Large webfont files: Large font files may take longer to download and render, which results in text disappearing or flickering while loading.
Browser caching issues: When the browser cache is not configured properly or full, the text will likely disappear during webfont loading.
Webfont loading allows website designers to utilize custom simple free fonts not loaded on the user’s device on their website. When a user visits a webfont-enabled page, their browser downloads the font files from the website’s server and uses them to display the text on the page.
CSS and the @font-face rule, which specifies the font family, font source, and font format, are frequently used to load webfonts. When the user’s browser encounters the @font-face rule, it will download the font files and save them in a cache for future use.
If the webfont is not loaded or applied successfully owing to an error, the text on the web page may be shown incorrectly or as blank space. This is known as “text disappearance during webfont loading.”
Understanding how webfont works can help you take a closer look at why text disappears during webfont loading.
5 Techniques to ensure text remains visible during webfont load
Using a system font stack as a fallback option
A system font stack is a collection of font families commonly available on all devices, including desktop computers, laptops, and mobile devices. Using a system font stack ensures that text is displayed on the website even if the web font fails to load.
However, there is a tradeoff for this. Using system fonts means you have to accept the unattractiveness of the fonts provided by the system. Yet, this is all subjective because it all depends on your preferences and the webpage content on your website.
But don’t hesitate to adopt this option because it will help ensure text remains visible during webfont load regardless of the unappealing typefaces.
Using font-display to control the font loading behavior
The font-display property is a CSS attribute that allows you to change how the browser handles online font loading. The font-display property specifies how the font should be displayed while loading and after loading.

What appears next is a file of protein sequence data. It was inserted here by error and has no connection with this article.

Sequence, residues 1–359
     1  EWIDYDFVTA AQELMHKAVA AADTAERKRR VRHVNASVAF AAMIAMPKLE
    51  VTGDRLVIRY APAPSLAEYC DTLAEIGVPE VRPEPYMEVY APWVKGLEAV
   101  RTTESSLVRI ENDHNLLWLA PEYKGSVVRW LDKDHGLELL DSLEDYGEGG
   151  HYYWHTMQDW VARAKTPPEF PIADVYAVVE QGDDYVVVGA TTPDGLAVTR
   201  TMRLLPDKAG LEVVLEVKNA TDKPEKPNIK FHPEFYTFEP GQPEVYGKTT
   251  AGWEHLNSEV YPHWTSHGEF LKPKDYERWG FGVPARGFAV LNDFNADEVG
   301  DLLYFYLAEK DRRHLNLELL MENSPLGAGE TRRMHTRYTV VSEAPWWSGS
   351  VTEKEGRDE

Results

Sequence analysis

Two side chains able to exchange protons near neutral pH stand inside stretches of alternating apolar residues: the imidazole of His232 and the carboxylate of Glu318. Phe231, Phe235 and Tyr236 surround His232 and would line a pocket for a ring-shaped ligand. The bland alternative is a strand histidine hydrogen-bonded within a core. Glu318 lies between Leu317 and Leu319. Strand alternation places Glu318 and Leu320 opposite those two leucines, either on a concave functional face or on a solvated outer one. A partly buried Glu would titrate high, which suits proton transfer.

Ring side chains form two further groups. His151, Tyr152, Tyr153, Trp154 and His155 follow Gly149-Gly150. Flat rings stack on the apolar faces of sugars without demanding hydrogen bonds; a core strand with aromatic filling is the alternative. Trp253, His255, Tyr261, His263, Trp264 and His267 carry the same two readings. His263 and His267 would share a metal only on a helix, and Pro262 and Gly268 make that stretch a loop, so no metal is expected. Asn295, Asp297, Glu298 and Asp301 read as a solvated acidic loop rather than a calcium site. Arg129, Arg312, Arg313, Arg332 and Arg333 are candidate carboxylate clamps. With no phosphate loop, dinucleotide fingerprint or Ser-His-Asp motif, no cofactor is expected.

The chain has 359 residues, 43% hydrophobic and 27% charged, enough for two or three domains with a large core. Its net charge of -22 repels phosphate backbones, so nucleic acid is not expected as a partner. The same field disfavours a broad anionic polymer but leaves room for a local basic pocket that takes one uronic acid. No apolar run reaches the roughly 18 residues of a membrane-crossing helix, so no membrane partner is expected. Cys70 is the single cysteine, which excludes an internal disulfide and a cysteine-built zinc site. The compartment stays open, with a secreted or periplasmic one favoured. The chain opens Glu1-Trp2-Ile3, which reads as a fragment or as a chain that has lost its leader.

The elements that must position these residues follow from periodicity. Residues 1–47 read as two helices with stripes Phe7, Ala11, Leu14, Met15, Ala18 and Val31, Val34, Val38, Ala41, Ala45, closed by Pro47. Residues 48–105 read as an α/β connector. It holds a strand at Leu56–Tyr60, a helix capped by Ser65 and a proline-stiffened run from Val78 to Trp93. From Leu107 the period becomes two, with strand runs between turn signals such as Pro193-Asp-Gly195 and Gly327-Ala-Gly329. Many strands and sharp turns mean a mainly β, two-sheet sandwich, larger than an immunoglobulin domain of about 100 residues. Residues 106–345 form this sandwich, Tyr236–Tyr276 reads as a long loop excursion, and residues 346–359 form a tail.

The font-display property can take the following values:
auto: The default value, the browser will use its default behavior for font loading.
block: The browser will block text rendering until the font has finished loading. If the font takes a long load, this can result in a blank space or a flash of unstyled text (FOUT).
swap: The browser will display a fallback font while the web font is loading, then swap in the web font when it’s ready. This is a smart choice if you want to ensure that the text remains visible during the font-loading process.
fallback: The browser will use a fallback font if the web font fails to load, but will still try to load the web font in the background.
optional: The browser will use a fallback font if the web font is unavailable, but will not attempt to load it unless needed.
To sum up, using font display can help improve your website’s performance and user experience by ensuring that text remains visible during the web font loading process.
Preloading fonts to improve loading time
Font preloading is an effective method of instructing the browser to download web fonts so that they are available beforehand. By doing this, no time is wasted loading the web font while loading the page.
This method can boost your website’s performance and create a better user experience for your visitors. However, you should be cautious when preloading the web font as it can increase the amount of data that needs to be downloaded and may slow down the initial page load time.
Using font subsetting to reduce the font file size
Font subsets are customized versions of web fonts that only comprise the characters used on a certain online page.
Using font subsets allows you to include only the characters required from a web font, which can help minimize font file size and make web fonts load faster. This technique also reduces the possibility of text disappearing during the web font loading process.
You can use a tool like Font Squirrel’s Webfont Maker or Google Fonts’ Subsetter to make a font subset. These tools enable you to choose specific characters from a typeface and generate a subsetted font file containing only those characters.
Using font subsetting is an effective way to ensure text remains visible during webfont load. Yet, it’s critical to include all the characters required for your content, as leaving out characters can result in missing or erroneous information.
Use a font-loading API